The confluence of influences, reconciling high and low, is the thing: believe it or not, Faust may be as close as Sokurov gets to playing to the gallery. The filmmaker who gave us 1997's Mother and Son was transfixed by the natural world, but in the airiest of ways; the surprise with Faust is just how earthy, fleshy, even carnal it is. The film descends from that heavenly opening to discover a graphic autopsy - strong meat, even for those of us raised on prime-time CSI - in progress; after Faust has welcomed the Moneylender into his home with a draught of passage-clearing hemlock, we're treated to the first ever bout of Aleksandr Sokurov fart jokes, boosted by sound effects apparently lifted from that Jeff Daniels scene in Dumb & Dumber. (That the Moneylender should find himself caught sulphurously short in a church is both a neat subversive touch, and an obvious character tell.)
As his Hirohito movie, still his strongest, most powerfully affecting work, made abundantly clear, Sokurov is at his most approachable when he gives his characters internal life, and makes of them more than mere figures in his landscapes. These characters are hungry, thirsty, horny; though some amongst them speak with forked tongues, they display recognisable desires (and are thus liable to be manipulated as such); they yearn, breathe (or wheeze) and shit like the rest of us. Faust remains a remarkable landscape to find oneself in, all the same, stumbling as it does across endless spectacle and set-pieces: a subterranean idyll populated by frolicking washerwomen, the Moneylender drawing blood-red torrents of wine from the walls of a pub (where he lures the drinkers into sating their own bloodlusts), a homunculus in a jar that may count as the freakiest movie prop since the baby in Eraserhead or the sentient treeroot in Svankmajer's Little Otik, the (again, in-your-face graphic) visual pun on the phrase "cradlesnatcher" with which the film approaches its finale.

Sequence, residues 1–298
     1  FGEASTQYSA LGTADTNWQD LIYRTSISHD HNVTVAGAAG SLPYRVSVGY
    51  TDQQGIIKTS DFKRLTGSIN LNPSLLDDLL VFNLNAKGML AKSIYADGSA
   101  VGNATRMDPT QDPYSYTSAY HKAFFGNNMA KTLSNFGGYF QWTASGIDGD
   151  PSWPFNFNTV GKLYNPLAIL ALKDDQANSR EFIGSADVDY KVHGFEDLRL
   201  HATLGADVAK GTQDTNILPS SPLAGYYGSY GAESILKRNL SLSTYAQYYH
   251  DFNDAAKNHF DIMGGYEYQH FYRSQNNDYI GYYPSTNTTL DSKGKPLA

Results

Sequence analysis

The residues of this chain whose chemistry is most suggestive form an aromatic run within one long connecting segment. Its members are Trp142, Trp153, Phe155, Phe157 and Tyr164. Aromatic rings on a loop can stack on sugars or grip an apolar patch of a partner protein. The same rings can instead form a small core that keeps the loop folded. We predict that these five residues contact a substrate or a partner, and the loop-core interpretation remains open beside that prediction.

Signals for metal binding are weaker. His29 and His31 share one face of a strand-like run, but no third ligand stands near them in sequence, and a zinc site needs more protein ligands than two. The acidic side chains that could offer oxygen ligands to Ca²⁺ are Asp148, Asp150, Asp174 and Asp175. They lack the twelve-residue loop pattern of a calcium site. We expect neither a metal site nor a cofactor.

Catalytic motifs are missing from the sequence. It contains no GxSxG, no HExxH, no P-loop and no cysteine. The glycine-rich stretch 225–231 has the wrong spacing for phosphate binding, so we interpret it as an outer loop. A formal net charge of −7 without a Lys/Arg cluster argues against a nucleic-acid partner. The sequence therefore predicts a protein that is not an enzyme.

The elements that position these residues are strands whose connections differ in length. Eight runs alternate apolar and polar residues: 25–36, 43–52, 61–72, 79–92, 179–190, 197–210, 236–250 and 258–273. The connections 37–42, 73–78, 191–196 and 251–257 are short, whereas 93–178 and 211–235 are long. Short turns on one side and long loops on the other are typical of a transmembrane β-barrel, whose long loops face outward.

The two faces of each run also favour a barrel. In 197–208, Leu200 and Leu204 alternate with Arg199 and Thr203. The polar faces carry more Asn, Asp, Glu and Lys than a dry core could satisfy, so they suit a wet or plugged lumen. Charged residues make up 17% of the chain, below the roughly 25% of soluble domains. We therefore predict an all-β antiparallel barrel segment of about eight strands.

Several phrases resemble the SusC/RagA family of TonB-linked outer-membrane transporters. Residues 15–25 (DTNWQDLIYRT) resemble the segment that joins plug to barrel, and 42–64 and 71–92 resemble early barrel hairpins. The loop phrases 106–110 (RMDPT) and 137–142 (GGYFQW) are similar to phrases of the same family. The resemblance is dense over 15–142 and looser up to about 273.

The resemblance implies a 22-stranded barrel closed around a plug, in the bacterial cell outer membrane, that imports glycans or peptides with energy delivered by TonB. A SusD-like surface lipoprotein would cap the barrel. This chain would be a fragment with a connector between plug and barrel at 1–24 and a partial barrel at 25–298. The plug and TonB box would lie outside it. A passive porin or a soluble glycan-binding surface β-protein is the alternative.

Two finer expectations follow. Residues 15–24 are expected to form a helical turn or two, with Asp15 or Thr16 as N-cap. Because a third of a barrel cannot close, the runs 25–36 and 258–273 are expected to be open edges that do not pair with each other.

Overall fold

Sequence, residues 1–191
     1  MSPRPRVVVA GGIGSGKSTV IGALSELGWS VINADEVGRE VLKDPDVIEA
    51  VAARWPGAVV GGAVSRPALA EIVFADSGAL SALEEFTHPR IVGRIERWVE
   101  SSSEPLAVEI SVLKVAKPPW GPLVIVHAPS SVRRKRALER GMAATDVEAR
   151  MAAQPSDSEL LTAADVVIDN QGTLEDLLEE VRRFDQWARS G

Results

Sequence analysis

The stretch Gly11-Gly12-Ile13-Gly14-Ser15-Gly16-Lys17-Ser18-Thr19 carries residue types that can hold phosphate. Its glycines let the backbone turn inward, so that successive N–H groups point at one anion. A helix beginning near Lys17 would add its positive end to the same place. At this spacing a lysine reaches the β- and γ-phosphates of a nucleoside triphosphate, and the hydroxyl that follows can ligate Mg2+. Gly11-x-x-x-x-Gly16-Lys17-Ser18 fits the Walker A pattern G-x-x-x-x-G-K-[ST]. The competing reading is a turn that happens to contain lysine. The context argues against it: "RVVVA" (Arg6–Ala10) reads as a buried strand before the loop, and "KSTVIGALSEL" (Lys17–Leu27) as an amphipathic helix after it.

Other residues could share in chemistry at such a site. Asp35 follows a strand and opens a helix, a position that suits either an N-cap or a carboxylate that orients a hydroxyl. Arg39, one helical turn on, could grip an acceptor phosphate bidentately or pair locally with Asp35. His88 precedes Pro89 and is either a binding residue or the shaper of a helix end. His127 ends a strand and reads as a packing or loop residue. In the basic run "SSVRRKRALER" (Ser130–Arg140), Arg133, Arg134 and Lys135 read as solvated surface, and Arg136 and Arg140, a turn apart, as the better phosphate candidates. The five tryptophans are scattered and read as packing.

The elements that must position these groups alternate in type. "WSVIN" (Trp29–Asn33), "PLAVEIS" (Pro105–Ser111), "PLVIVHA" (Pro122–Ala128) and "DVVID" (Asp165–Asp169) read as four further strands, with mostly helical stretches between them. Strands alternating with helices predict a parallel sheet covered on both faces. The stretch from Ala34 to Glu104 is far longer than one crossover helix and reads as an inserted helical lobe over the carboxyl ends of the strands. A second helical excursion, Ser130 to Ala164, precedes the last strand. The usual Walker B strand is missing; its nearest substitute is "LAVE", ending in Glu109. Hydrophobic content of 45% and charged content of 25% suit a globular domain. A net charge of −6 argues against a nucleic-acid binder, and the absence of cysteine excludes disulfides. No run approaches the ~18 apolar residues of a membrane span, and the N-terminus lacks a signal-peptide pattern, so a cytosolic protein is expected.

All of this is compounded by Sokurov's penchant for pulling and warping the image, as initiated in Mother and Son, and which here seems peculiarly appropriate for a tale of a man falling under an outside, possibly satanic influence. Faust was shot in the practically square 1:133 aspect ratio, but is being projected (in a way the multiplex, with its automated projection systems, simply couldn't handle) through a 1:185 lens, resulting in a pleasing, round-cornered image with a misty, singular look - Sokurov's own version of Instagram, perhaps, mitigating against the horrors he's filming here. For all its digital wizardry, the film is unlikely to do Transformers numbers; the furore the film caused at last year's Venice Film Festival - where many were appalled it should have won the Golden Lion - suggests Faust won't satisfy every arthouse palate, either. But it struck me as prime Sokurov: dazzling and unfathomable in equal parts, ripe for deconstruction in the pages of Sight & Sound magazine by Professor Ian Christie of Birkbeck College, London, and finally - however much Michael Bay might protest - quite unlike anything else out there in the universe right now, never mind the cinema.
Faust opens in selected cinemas from tomorrow.